will reverse when assessing the need for a valuation allowance (see ASC paragraphs 740-10-55-18 and
740-10-55-19). e reversal pattern associated with an indefinite-lived intangible asset is unknown
because reversal is contingent upon a future event. For example, a deferred tax liability associated with
goodwill won’t reverse unless the goodwill is impaired. Existing deferred tax liabilities associated with
indefinite-lived intangibles shouldn’t be considered a source of future taxable income in determining the
necessary valuation allowance because the timing of the reversal is uncertain. If a company uses deferred
tax liabilities associated with indefinite-lived intangibles as a source of future taxable income, it results in
an understatement of the valuation allowance and an overstatement of net income.
AVOIDING RESTATEMENTS
When engaging in mergers and acquisitions, the CFO must consider the tax accounting implications
associated with indefinite-lived intangibles to avoid having to restate financial statements. e
classification as a stock or asset transaction and whether the transaction is tax-free or taxable determines
the tax accounting implications. In general, taxable asset acquisitions and stock acquisitions with a §338
election don’t initially result in recording deferred taxes on indefinite-lived intangibles because the basis is
“stepped up” to fair value for book and tax purposes. A deferred tax liability is recorded as amortization,
deducted under IRC §197, and will be reversed upon impairment of the indefinite-lived intangible assets
for book purposes. In contrast, tax-free transactions and taxable stock acquisitions without a §338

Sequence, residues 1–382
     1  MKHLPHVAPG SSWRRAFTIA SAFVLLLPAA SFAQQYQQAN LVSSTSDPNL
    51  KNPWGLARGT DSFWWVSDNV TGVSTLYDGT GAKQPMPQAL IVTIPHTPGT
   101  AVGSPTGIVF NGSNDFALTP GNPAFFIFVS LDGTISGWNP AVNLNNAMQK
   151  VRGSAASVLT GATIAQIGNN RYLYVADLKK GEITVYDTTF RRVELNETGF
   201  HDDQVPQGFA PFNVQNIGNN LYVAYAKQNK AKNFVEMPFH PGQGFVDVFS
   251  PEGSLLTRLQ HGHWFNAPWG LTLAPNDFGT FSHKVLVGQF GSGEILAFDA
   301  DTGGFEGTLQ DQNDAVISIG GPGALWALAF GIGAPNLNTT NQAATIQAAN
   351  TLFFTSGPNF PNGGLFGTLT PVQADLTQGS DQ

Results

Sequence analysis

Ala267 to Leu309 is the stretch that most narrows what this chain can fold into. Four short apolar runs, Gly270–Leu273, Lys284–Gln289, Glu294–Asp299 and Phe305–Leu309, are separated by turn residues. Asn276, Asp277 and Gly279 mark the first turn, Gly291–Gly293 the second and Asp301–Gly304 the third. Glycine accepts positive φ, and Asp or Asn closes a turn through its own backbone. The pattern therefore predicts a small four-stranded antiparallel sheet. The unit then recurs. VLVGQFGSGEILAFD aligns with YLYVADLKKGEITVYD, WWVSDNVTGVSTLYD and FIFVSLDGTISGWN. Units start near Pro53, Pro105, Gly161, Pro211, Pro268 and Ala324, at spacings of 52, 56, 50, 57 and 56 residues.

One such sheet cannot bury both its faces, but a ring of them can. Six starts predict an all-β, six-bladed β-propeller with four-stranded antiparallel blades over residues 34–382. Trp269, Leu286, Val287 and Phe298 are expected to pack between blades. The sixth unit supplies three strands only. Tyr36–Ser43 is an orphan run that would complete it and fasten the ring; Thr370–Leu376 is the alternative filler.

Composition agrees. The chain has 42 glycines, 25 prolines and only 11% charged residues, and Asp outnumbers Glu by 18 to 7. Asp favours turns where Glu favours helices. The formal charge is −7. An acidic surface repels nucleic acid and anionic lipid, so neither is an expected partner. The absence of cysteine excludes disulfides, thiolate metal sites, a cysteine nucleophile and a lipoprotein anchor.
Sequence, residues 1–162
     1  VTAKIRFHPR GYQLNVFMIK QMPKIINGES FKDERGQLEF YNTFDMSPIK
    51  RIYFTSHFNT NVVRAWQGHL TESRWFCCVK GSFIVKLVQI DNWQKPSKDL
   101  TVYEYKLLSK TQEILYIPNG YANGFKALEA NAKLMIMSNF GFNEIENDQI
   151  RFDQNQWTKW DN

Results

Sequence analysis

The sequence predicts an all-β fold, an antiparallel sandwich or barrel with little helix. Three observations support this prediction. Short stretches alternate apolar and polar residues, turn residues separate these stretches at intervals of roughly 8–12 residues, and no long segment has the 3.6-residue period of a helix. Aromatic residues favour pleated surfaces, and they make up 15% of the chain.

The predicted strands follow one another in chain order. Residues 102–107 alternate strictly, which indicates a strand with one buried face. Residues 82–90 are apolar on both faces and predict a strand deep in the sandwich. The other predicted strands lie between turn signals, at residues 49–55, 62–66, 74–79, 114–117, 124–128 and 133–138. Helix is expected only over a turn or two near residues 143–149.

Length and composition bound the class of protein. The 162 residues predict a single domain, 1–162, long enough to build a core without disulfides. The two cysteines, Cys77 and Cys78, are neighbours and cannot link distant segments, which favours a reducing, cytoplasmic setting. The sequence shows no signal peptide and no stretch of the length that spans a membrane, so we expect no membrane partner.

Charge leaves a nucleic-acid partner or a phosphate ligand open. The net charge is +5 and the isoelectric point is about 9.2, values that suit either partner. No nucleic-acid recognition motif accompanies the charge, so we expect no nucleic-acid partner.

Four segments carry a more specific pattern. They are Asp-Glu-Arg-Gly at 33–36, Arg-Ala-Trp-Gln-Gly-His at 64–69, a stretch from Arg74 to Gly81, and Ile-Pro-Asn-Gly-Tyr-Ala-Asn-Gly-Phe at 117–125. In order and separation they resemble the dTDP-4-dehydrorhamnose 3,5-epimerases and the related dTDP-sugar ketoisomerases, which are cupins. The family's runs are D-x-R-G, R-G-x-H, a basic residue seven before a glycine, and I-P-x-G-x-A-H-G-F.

election require recording the deferred taxes on indefinite-lived intangibles at the time of the transaction
because the basis is “stepped up” to fair value only for book purposes.
If indefinite-lived intangibles are present, the CFO must carefully consider the determination of the
valuation allowance. Specifically, the deferred tax liability associated with indefinite-lived intangibles
should not be considered as a source of future taxable income when determining the appropriate
valuation allowance since the timing of the reversal is unknown because it’s dependent upon the
impairment of indefinite-lived intangible assets for book purposes.
Mollie T. Adams, CPA, Ph.D., is an assistant professor of accounting
and MSA Program Coordinator at Bradley University. You can reach
her at [email protected] https://sfmagazine.com/post-entry/october-2015-will-intangibles-trip-you-up/
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Kerry K. Inger, CPA, Ph.D., is an assistant professor at the School
of Accountancy, Raymond J. Harbert College of Business, Auburn
University. Kerry is also an IMA Member­at­Large. You can reach
her at [email protected]
Michele D. Meckfessel, CPA, Ph.D., is an assistant professor of
accounting at the University of Missouri­St. Louis and a member of
IMA’s St. Louis Chapter. You can reach her at
[email protected]